Equilibrium 5 Lecture: see below 
 

Equlibrium 5 – Ksp.pdf

    
Equlibrium 5 – Ksp KEY 23-24.pdf
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3. Complete Equlibrium 5a – Ksp.pdf worksheet with me with lecture below:
 
Equilibrium 5a – Ksp continues.pdf
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Equilibrium 5a – Ksp continues key.pdf
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Ksp TEST – (10 point) AP Question –  1 question part 2 test – (20 minutes)   Tomorrow!

 

 1: Equilibrium – Question 1 Lecture: (for Equilibrium 4 – done in class today!) 

 2: Equilibrium 5 worksheet – from beginning.

 3: Equilibrium 5a worksheet review – whole video: 

________________________________________________________________________                                 Jump toTuesday Homework / TOP 3/26 – Tuesday – B Day – 2, 3b/4 Lab

Main focus –                                                                                                                                                         
                                                  

a) To complete a Ksp FRQ.

b) To Review the concepts of equilibrium and review Ksp related equilibrium problems.

Period 2/3a,4:

1. Hand back collected FRQ that was assigned last Thursday. Reviewed the energy shift question.
          Mentioned that the responses were similar to the posted AP key. Was I born 53 years ago?
 
2.  Reviewed part (d) from Equilibrium 5 worksheet – Temperature and Equilibrium
 
3. Quick General review of Ksp/equilibrium/Q vs Keq – used New Ksp notes
– Quadratic Catastrophe! Review! – When to approximate 
 
4.  Ksp TEST – (10 point) AP Question –  1 question part 2 test – (20 minutes)   
 
5.  Review of test and practice with the homework Ksp practice problem.
 

         _____________________

TODAY’s NOTES:

                                                      I have Ksp Notes posted in 3rd quarter that go over every type of Ksp problem. 
                                                      http://mrgrodskichemistry.com/ksp-notes/
  

 This is an excerpt for the notes on how to solve “which salt precipitates first”:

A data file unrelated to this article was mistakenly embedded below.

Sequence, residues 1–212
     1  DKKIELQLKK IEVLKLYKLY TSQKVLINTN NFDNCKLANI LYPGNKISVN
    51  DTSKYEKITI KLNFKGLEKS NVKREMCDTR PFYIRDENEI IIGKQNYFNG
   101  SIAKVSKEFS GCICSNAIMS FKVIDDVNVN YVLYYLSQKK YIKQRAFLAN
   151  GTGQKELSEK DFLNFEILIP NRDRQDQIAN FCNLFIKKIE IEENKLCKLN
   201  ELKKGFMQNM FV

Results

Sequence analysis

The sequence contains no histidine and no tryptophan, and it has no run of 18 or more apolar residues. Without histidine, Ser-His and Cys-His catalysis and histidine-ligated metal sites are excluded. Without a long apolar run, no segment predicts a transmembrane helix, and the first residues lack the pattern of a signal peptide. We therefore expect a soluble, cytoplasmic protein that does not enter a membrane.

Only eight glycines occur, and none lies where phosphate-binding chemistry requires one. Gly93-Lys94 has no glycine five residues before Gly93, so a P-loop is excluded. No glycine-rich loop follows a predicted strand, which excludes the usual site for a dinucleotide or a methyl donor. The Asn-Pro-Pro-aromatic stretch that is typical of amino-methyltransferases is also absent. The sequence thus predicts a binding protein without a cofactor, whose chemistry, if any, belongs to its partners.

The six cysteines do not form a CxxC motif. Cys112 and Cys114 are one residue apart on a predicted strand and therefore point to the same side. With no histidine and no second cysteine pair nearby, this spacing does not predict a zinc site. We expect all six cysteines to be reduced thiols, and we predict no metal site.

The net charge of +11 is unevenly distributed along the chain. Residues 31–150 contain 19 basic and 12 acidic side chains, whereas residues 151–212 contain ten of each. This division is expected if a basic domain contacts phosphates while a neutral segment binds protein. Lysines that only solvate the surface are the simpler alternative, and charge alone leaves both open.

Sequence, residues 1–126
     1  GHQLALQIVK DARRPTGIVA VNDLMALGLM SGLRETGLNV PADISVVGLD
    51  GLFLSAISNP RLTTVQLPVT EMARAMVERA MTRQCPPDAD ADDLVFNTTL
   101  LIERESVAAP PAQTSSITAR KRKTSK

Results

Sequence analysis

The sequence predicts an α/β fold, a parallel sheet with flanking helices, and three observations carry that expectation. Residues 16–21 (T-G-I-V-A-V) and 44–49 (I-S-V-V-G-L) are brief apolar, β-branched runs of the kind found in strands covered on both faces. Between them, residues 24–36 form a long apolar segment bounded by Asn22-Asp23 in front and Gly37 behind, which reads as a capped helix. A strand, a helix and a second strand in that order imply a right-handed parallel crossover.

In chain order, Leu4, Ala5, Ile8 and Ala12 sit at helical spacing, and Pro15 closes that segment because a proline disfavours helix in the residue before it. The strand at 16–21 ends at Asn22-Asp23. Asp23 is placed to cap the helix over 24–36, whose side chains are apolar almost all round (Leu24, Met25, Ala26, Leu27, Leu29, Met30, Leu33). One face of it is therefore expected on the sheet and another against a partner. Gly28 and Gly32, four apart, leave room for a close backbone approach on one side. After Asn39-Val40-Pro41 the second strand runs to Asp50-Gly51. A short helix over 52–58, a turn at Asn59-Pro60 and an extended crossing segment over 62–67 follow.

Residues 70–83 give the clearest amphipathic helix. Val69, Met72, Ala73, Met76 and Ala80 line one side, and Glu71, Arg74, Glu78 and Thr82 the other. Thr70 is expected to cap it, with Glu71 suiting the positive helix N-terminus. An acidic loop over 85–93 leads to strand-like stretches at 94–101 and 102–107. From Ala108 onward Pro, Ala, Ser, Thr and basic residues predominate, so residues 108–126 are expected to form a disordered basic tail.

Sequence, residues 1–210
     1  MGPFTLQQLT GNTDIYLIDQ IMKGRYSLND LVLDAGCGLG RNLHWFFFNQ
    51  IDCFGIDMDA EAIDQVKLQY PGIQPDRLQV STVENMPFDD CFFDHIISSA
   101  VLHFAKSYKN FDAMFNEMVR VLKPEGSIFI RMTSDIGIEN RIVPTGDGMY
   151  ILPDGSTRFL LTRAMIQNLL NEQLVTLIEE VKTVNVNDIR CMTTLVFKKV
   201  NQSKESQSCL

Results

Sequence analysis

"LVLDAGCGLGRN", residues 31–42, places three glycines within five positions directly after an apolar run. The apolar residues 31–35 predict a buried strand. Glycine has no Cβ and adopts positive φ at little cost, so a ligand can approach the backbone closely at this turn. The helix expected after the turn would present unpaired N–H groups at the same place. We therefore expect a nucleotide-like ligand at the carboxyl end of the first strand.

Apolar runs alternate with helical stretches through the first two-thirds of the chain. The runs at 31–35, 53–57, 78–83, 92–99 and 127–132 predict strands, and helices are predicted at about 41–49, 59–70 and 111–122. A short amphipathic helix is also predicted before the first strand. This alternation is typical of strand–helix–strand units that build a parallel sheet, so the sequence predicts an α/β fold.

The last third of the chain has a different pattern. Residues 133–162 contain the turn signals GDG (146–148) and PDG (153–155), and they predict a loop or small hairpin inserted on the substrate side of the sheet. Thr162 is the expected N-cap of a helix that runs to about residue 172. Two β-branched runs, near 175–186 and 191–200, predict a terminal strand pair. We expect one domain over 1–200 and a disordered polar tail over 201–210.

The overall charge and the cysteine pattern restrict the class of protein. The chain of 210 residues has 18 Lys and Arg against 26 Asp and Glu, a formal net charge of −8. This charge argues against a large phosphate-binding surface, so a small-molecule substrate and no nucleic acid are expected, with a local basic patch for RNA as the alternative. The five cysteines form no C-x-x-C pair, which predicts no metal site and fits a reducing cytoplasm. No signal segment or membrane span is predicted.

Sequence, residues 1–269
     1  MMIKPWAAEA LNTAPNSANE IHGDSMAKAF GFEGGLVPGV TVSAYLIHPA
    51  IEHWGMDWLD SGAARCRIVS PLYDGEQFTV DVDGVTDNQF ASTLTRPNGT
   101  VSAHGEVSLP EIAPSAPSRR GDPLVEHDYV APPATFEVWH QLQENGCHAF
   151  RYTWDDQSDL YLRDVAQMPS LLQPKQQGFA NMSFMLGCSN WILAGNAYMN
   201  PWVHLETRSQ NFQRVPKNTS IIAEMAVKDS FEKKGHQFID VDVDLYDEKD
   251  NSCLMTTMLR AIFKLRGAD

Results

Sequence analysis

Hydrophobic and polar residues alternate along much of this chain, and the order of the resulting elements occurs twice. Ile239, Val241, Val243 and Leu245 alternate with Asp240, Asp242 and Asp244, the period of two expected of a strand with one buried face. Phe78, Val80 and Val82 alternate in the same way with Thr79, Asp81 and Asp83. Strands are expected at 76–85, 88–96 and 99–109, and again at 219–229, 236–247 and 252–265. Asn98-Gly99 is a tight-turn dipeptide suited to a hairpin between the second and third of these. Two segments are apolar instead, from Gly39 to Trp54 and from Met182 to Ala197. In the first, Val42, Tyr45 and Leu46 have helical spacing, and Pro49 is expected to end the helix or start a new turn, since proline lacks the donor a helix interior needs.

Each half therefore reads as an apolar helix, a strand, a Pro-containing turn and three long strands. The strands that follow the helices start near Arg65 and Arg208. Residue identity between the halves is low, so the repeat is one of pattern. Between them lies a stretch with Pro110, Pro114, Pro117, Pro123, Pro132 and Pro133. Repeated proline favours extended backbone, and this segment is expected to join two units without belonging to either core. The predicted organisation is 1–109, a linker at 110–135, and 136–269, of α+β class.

(SKILL # 6) Determining the which salt precipitates first
(SKILL # 7) Prevent the Quadratic Catastrophe by approximating.
 
                                                                                          
A beaker contains a 400. ml solution of .20 M of  Cl– and .10 M of I. If  a solution of Pb(NO3) was slowly added to the beaker, which salt precipitate’s first?  
 
The Ksp of  PbI is 1.4 x 10-8  .     The Ksp of  PbCl2 is 1.7 x 10-5
 
This precipitation reaction (net ion):    Pb+2 (aq)  +  2I–  (aq)   —> PbI (s) was what I did as demo in class:
 
We should realize the that precipitating reactions that will occur due to the soluble Pb(NO3) that will deliver the soluble Pb+2 ions are: (Based on soluble rules nitrates are always soluble!)
 
                                                                    PbI (s)   <—>  Pb+2    +      2I                   Ksp = 1.4 x 10-8
 
                                                              PbCl2 (s) <—>  Pb+2   +       2Cl-1              Ksp = 1.7 x 10-5
 
If both ions,  .20 M of  Cl   and .10 M of I, were dissolved with the same concentration then all we would have to do is look at the Ksp values to determine which salt would precipitate first because both salts have the same formula (same stoichiometric ratios of product ions that lead to the same Ksp formula).  The salt with the smaller Ksp value must precipitate first as it the most insoluble (produces the lest amount of ions before it reaches equilibrium).  Remember that Ksp = Keq and that when Keq < 1 reactants are more favored.  
 
BUT this is NOT the case so we must calculate the equilibrium molar concentration of  Pb+2  for each of the precipitating reaction and compare [Pb+2]  to see which one is the smaller.  The smaller [Pb+2] will be the one that precipitates first because this concentration Pb+2 is the value that must be exceeded first to cause the Q > Ksp to cause precipitation.
The lower concentration will be reached first as you pour Pb+2 ions into the beaker.